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Italian Drilling Specialist Saipem Weighs Capital Increase After Profit Warning

The Saipem 7000, pictued here, installs a wind turbine at the Hywind offshore wind project located approximately 30 km off the coast of Aberdeenshire, Scotland. Photo courtesy Saipem

Italian Drilling Specialist Saipem Weighs Capital Increase After Profit Warning

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February 2, 2022

By Alberto Brambilla, Chiara Albanese and Daniele Lepido (Bloomberg) —

Saipem SpA is evaluating a capital increase after issuing a profit warning and saying it will talk to its creditors, people familiar with the matter said. 

The oil drilling specialist is looking at a range of options, said the people, who asked not to be named as the discussions are private. Saipem could consider a capital injection of 1 billion euros to 1.5 billion euros ($1.7 billion), the people said. Discussions are preliminary and no final decision has been taken on whether to opt for the capital increase nor on its potential size, they said.

The Italian company said earlier on Monday that 2021 losses could amount to one third of its share capital — which is around 2.1 billion euros, according to filings. 

The company’s two main shareholders — Cassa Depositi e Prestiti SpA, the state lender which owns a stake via the finance ministry, and Eni SpA, which is also state-controlled — said they are closely monitoring the situation and evaluating scenarios. 

The warning Monday comes at a challenging time for the oil industry, where profits have been dented by a shift from traditional sources to renewable energy. It also took markets by surprise, after the Milan-based company had late last year presented an upbeat strategic plan under new Chief Executive Officer Francesco Caio.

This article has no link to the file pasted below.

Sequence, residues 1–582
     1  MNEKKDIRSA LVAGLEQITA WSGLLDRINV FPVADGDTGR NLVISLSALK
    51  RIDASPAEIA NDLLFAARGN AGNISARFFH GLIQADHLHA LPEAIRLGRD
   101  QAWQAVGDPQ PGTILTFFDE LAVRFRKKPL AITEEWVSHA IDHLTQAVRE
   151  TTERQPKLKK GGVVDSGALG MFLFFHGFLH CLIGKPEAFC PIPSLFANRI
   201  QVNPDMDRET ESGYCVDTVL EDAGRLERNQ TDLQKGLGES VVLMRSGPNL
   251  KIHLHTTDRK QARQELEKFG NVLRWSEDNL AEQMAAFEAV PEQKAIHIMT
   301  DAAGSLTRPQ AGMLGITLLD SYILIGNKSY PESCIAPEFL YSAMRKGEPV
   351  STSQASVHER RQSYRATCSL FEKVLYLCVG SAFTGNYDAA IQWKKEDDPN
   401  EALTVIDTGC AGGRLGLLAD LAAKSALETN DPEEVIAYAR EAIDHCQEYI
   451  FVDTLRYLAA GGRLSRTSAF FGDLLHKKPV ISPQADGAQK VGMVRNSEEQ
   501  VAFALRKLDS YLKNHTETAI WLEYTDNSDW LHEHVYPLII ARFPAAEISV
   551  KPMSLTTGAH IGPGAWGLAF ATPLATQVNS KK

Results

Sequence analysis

Saipem has struggled to cope with lower energy demand and sagging investments, with many oil projects delayed during the pandemic. Efforts to shift its portfolio toward green-energy projects have also faced delays. 

The company on Monday cited “significant deterioration” in some onshore engineering and construction operations as well as in offshore wind, “due to the persistence of the pandemic and the current and prospective increases in the cost of raw materials and logistics.” 

Saipem now sees consolidated adjusted earnings before interest, taxes, depreciation and amortization for the second half of 2021 down by approximately 1 billion euros. The company’s shares fell as much as 32% in Milan, their biggest drop on an intraday basis since January 2013. 

The company said it’s started preliminary discussions with creditors and controlling shareholders to “ascertain their willingness to support a financing package.” Those discussions are also aimed at assessing the situation and evaluating subsequent steps, according to people with knowledge of the process. 

© 2022 Bloomberg L.P.

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